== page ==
PARIS — You’d think a match between a 23-year-old in the prime of her years and a 39-year-old has-been would have a single storyline. The youngster — wide-eyed and hopeful — would presumably be rising to embrace a bright new world of triumph. While the veteran would probably be set on just wrapping it all up, quietly accepting her fateful end.
After all, of late, 23-year-old Dinara Safina is the most forlorn and melancholy elite player tennis we’ve sympathized with in a generation. Just a year ago, Marat Safin’s not-so-little sister was No. 1. Imposing her considerable game in a Henin-less clay-court universe, she again reached the Roland Garros final (as she did the year before), where surely this time she would prevail over the on-again, off-again Svetlana Kuznetsova.
Her serve faltering, her nerves shaky, the Russian meekly fell to her fellow Muscovite and began a semi-hellish descent, witnessed with some glee, by an unsparing press corps. A painful back, staccato losses, a tumbling ranking, incessant questions — Safina struggled as the critics pounded away. A faux No. 1, they howled.
The question was always the same. You top the rankings, but show me your
Slam titles. This year, on a bright Paris afternoon, the brooding babe would probably have settled for a single victory. But Safina had a date (not with destiny) but with Date: that would be Kimiko Date Krumm, the enduring flower of Japanese tennis. Never mind that Date Krumm first played at Roland Garros in ’89, when Safina was just three and (count ’em) 26 of the women in this year’s draw weren’t even born. But this is the era of born-again WTA careers. Unlike the brief respites of Lindsay Davenport, Kim Clijsters and Justine Henin, Date-Krumm’s break from the game lasted an incredible 12 years. In that time, she helped construct an orphanage in Laos, ran marathons, swam, dabbled in TV and tried, without effect, “to make baby” with her husband, the German race driver Michael Krumm.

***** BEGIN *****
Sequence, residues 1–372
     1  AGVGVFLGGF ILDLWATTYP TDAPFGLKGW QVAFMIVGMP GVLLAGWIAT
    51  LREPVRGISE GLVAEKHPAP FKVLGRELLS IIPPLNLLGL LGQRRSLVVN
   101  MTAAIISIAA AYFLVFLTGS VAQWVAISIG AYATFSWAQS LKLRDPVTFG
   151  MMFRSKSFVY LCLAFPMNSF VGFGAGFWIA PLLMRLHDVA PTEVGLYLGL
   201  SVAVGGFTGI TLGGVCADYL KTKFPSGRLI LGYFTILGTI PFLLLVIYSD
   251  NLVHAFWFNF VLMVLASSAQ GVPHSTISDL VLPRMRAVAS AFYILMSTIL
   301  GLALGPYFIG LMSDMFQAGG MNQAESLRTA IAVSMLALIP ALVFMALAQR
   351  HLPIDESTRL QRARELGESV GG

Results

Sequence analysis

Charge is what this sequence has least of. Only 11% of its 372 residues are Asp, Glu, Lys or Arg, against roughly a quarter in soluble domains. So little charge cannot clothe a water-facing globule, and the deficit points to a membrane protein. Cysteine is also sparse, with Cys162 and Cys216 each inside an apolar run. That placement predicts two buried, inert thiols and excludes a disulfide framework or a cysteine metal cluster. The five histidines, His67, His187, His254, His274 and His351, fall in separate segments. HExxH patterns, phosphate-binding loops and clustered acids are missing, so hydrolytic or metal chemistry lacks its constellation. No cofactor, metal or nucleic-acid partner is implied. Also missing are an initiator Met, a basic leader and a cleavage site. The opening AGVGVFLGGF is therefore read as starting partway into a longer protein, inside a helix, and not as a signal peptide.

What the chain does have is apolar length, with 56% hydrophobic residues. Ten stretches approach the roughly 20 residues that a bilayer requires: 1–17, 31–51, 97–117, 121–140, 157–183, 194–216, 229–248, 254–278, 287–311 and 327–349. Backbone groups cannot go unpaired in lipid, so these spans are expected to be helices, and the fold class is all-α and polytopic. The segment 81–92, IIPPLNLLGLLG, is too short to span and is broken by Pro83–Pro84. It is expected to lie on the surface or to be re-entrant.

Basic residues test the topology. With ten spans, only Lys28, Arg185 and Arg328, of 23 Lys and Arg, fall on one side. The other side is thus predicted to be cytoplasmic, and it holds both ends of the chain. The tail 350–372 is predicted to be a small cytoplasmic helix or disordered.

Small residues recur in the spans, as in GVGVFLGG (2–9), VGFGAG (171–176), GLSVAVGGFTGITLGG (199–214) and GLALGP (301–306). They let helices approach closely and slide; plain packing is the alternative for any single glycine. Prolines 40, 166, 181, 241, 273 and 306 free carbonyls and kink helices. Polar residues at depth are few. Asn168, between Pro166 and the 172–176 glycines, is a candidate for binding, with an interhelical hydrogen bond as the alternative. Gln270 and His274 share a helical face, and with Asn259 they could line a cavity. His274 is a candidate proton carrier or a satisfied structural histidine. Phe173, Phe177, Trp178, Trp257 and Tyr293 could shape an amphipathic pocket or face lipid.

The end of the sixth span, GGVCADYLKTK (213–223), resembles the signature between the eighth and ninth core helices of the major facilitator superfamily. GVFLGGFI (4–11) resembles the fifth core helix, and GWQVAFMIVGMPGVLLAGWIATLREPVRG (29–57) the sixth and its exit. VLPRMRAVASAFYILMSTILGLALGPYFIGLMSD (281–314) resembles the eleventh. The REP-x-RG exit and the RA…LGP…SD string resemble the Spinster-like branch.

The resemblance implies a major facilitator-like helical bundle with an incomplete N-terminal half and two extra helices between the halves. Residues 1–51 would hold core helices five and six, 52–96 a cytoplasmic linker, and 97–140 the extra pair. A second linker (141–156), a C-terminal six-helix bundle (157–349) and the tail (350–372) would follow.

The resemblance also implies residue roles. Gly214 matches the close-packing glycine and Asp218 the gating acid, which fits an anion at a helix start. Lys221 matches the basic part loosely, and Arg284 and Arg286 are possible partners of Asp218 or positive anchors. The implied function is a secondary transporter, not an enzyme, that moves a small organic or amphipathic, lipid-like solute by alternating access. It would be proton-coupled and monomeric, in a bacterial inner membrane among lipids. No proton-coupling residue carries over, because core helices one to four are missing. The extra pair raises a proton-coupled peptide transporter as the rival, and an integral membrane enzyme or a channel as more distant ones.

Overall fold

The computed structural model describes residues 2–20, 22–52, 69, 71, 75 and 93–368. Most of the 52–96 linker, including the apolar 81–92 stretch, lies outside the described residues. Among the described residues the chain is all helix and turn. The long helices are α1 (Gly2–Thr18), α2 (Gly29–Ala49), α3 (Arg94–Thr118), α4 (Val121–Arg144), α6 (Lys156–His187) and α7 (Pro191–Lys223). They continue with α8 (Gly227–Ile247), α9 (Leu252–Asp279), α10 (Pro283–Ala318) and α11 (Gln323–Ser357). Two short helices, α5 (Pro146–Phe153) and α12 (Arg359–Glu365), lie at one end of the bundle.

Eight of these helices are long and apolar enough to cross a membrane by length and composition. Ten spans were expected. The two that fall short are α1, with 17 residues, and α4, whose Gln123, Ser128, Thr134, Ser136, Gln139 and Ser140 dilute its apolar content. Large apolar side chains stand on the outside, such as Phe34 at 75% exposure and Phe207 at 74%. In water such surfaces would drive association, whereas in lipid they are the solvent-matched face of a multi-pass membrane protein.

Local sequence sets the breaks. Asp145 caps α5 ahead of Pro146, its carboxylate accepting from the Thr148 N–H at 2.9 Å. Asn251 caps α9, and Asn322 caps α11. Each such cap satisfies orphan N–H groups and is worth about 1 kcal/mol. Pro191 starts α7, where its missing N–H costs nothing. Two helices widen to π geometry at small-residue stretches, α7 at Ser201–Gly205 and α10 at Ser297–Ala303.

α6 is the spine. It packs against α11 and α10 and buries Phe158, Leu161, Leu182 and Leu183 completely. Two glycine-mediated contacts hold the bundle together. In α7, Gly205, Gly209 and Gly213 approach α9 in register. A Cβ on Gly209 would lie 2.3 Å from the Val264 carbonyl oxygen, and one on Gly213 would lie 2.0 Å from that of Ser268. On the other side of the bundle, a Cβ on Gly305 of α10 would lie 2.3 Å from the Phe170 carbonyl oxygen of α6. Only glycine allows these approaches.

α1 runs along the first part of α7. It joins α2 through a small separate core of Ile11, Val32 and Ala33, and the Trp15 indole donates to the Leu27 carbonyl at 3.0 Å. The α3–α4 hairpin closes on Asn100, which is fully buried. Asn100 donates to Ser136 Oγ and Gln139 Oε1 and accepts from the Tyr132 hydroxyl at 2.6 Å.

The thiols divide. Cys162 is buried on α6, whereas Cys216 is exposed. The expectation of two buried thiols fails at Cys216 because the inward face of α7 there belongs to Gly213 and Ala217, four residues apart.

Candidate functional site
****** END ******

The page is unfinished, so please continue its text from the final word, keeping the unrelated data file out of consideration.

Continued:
At Roland Garros she made hay, despite a leg injury and being down a set and a break to Safina. Using an inventive forehand with a whacky grip and an array of creative shotmaking, she won six of the last seven games and left Safina in the dust 3-6, 6-4, 7-5. After a tearful embrace with her husband, Date explained that she hits (as do/did Rafa Nadal, Maria Sharapova, Ken Rosewall and Margaret Court from) with her non-dominant hand, because as a kid her grandfather told her that “it’s not ladylike” to play tennis with her left hand.
Too bad that, for Safina’s sake anyway, nobody told Date that it’s unladylike for 39- year-olds to dispose of former No. 1 23-year-olds who once reigned (however uneasily) atop the rankings.